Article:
Frequently the teams were sent into Laos to the home villages of ethnic minority team members to induce the villagers to aid in establishing "in country" bases for future operations. On other occasions, their task was to tap North Vietnamese Army (NVA) telephone lines or to plant acoustic and
seismic sensors along the Ho Chi Minh Trail.
The Montagnards of Vietnam’s Central Highlands were especially helpful in the cross-border operations since their tribal affiliations crossed international boundaries. This factor was particularly useful when the OPS-35 teams conducted patrols in Laos and northern Cambodia, both countries having sizable Montagnard populations along the South Vietnamese border. To a lesser degree, Cambodians born in South Vietnam (called Khmer Krom) fulfilled the same purposes when SOG conducted operations in certain regions of Cambodia. At one SOG site (Hobarge Tours), an entire reaction company of Khmer Krom was never to participate in an operation in Cambodia according to official policy. Official policy notwithstanding, Khmer Krom troops may have engaged in OPS-35’s cross-border operations just as they did in other unconventional activities.
To provide the SOG and the United States some form of plausible denial (albeit weak) for personnel who might be captured, the SOG units frequently had maps printed with distorted international boundary lines. In a further effort to conceal the nature of its operations, it was SOG’s policy to report its casualties as having occurred in South Vietnam.
This could in part explain why a crewman of Kerry's, Steve Gardner, claims he will never forget those days in late December when he was wounded on PCF 44, not in Cambodia, but many miles away in Vietnam - he was under orders to do so. More on these orders later.
Everything I have presented so far has been about the activities of the Special Forces on the ground. What was the Navy doing during this time?
According to Kerry's detractors:
During Christmas 1968, Kerry was stationed at Coastal Division 13 in Cat Lo. Coastal Division 13’s patrol areas extended to Sa Dec, about fifty-five miles from the Cambodian border. Areas closer than fifty-five miles to the Cambodian border in the area of the Mekong River were patrolled by PBRs, a small river patrol craft, and not by Swift Boats. Tom Anderson, Commander of River Division 531, who was in charge of the PBRs, confirmed that there were no Swifts anywhere in the area and that they would have been stopped had they appeared.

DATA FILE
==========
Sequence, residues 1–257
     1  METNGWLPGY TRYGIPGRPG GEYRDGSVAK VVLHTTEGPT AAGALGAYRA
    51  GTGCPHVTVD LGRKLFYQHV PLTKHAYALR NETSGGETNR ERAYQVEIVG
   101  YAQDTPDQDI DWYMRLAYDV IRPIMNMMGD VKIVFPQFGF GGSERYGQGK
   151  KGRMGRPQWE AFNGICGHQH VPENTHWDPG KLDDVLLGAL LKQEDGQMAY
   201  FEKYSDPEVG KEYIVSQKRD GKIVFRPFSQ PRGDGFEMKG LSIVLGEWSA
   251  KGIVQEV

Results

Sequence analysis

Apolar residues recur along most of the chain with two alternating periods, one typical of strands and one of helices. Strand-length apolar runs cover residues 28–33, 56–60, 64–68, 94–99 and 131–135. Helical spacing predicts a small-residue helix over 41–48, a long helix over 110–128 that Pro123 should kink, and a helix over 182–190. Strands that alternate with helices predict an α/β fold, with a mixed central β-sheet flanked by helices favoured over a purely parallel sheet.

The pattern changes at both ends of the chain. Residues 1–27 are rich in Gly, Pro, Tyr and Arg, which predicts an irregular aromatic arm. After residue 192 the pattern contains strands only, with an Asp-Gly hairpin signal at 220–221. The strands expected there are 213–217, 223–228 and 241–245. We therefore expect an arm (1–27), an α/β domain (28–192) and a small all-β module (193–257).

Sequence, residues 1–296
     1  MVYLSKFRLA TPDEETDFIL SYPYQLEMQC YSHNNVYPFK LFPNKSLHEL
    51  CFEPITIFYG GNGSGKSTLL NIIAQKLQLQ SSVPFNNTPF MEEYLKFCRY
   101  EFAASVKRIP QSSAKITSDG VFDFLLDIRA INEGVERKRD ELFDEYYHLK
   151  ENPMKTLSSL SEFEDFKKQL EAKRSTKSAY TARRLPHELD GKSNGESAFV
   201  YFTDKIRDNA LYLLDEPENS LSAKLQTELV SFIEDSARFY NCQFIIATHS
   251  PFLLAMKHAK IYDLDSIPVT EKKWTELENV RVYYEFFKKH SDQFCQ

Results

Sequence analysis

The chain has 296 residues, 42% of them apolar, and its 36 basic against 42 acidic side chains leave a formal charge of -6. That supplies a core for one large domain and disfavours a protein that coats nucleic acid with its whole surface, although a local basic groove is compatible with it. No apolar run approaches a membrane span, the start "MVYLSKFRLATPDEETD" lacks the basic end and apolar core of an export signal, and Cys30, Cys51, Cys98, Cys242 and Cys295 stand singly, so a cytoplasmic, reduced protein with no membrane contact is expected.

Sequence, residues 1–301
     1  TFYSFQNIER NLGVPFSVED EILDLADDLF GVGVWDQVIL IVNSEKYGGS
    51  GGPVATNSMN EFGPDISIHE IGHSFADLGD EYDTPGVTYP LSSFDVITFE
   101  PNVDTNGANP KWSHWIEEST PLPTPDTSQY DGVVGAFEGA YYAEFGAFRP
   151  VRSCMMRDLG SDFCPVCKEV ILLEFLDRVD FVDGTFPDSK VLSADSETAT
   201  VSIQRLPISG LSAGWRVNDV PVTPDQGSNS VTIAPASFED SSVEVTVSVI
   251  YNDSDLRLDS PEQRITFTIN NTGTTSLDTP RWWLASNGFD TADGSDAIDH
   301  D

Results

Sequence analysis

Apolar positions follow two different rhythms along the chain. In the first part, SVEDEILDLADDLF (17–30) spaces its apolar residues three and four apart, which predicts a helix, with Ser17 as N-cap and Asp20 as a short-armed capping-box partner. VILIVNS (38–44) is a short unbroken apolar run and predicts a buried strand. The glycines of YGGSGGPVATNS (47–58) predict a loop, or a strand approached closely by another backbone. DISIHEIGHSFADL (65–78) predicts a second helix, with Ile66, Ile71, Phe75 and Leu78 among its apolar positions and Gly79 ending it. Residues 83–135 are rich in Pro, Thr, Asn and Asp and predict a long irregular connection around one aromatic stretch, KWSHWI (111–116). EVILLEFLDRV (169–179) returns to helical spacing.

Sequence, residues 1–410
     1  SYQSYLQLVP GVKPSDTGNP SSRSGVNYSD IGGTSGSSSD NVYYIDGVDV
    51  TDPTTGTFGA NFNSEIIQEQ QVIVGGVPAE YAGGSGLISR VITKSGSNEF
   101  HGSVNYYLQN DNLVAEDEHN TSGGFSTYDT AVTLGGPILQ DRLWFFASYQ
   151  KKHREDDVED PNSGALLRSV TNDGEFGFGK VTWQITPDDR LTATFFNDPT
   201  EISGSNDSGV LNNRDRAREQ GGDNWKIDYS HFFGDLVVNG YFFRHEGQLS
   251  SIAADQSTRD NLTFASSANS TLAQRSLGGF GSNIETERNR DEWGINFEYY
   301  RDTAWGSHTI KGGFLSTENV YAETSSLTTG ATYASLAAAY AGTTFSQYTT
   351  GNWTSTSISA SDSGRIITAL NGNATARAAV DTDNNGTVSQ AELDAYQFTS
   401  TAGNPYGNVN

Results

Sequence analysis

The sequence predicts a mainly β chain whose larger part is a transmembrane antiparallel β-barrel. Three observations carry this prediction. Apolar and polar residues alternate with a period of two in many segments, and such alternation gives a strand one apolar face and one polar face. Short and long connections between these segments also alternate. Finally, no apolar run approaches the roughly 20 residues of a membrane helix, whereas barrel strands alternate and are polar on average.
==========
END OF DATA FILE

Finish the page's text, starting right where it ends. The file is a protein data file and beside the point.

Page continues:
A large sign at the border prohibited entry. Preventing border crossings was considered so important at the time that an LCU (a large, mechanized landing craft) and several PBRs were stationed to ensure that no one could cross the border.
If an LCU was at the Cambodian border, why not something much smaller, like Swift boats? We already know that an operation considered very important and secret was underway in that area, so why would the command hold back any asset? We could ask them ...
All the living commanders in Kerry’s chain of command — Joe Streuhli (Commander of CosDiv 13), George Elliott (Commander of CosDiv 11), Adrian Lonsdale (Captain, USCG and Commander, Coastal Surveillance Center at An Thoi), Rear Admiral Roy Hoffmann (Commander, Coastal Surveillance Force Vietnam, CTF 115), and Rear Admiral Art Price (Commander of River Patrol Force, CTF 116) — deny that Kerry was ever ordered to Cambodia. They indicate that Kerry would have been seriously disciplined or court-martialed had he gone there.
Much like Kerry’s many other lies relating to supposed "war crimes" committed by the U.S. military in Vietnam, the lie about the illegal Cambodian incursion painted his superiors up the chain of command — men such as Commander Streuhli, Commander Elliott, Admiral Hoffmann, and Admiral Zumwalt, all distinguished Naval heroes and men of integrity — as villains faced down by John Kerry, a solitary hero in grave and exotic danger and forced illegally and against his will into harm’s way.
Admiral Zumwalt, huh? Let's take a look at the good Admiral and his honesty!